To costume or not to costume? That is the question.
As a Halloween party hostess, I could count on having at least a few people on the guestlist ask this question every year. It wasn’t that they didn’t want to play along. It was more of a lack of confidence in how to costume.
I would answer the “Are costumes really required?” question by offering access to our costume stash while promising that others would be in costume too. Yet, for some, a costume consisted of just a few accessory pieces.
Such as it was every year with our friends the Crofts (name changed to protect the costume-reluctant). Without fail, Mrs. Croft would ask the question and inform me that, “We’re just not that into dressing up.” And, every year, they would come to the party wearing just a hint of a costume.
That is, until one of our last parties – The Witches Ball.
The party had been going on for a while, and we were about to award the best costume prizes. As I was getting ready to make the announcement, the Crofts showed up. To my surprise, Mr. Croft stood fully decked out from head to toe in a form-fitting, lycra, Superman costume. I think my jaw hit the floor.
He walked away with the best male costume that year.
Today I want to give you a bit of inspiration that you can use to craft a costume that is easy to wear and can be minimalist or all in.
Recently, I decided to do a series of costumes based around DIY and store-bought ponchos. I began the search for a pattern and was happy to discover that Simplicity was way ahead of me with S9169. Not needing to reinvent the wheel, I went with View A of this pattern for our poncho clown costume.
First, a quick dive into the fabric stash yielded these two vintage 1996 stars and stripes fabrics.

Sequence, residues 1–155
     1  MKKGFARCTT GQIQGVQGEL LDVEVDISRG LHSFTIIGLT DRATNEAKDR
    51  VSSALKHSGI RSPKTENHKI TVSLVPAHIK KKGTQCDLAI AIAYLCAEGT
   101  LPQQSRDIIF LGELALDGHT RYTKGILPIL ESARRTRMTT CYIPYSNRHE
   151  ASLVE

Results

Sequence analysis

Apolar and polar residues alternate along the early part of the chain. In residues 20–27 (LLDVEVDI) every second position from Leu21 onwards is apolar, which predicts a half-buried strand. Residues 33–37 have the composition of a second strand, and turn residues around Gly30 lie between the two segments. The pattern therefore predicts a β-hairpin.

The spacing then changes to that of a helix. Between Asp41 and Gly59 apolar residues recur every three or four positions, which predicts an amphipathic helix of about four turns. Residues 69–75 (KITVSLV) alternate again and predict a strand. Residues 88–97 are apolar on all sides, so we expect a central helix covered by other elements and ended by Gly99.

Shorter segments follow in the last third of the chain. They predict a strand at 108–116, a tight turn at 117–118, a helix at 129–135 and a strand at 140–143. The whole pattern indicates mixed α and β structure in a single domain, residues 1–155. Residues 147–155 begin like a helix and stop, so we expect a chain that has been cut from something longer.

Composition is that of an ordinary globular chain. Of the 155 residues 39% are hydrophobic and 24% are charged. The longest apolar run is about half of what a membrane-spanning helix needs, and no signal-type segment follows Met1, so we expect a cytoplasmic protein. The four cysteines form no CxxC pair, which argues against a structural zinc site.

At JoAnn’s, I picked up a navy blue flannel with white stars for the poncho.
Do you see a theme building here?
I followed the Simplicity pattern per the instructions. This is a relatively simple sew. (I did add a lining but I won’t go into detail on that as it’s a personal preference and not necessary.)
With the poncho complete – now it’s time for the fun part! Grab some yarn, queue the Netflix, and craft up some pom-poms. Thirty-eight pom-poms, to be exact.
To make quick and easy work of this, I used the Clover Pom Maker. (I have several pom makers, but this brand is by far my favorite and the one I always recommend.)
For this costume I used I Love This Chunky yarn in Red Velvet, I Love This Chunky yarn in Sand Frost, and Bernat Softee Chunky yarn in Navy Night.
To attach your poms, simply sew onto your poncho with matching thread. Super simple.
Now, let’s put it all together. Slip on the poncho, tie on the collar and top it off with the hat. Add some daisy dukes or jeans and, for that extra something-something, a pair of vintage roller skates – complete with pom-poms, of course!
Want to be a little extra? Break out the makeup? Cute clown? Creepy clown? How about a patriotic face paint for your clown or a red, white and blue, star-spangled-banner wig?
Feeling a bit minimalist? Wear just the poncho and hat and you’re good to go!
Craft your poncho clown costume with whatever pieces you like to get a look you’re comfortable with.
Not everyone wants to go all out when it comes to costuming. We have always encouraged our guests to do as much or as little as they feel comfortable. We’ve had everything from a “This is my costume” t-shirt to Ace Frehley, sporting spot-on replica platform boots.
So, this post is dedicated to those who want to do a little, but not too much. At least, not until you are ready to be a superhero.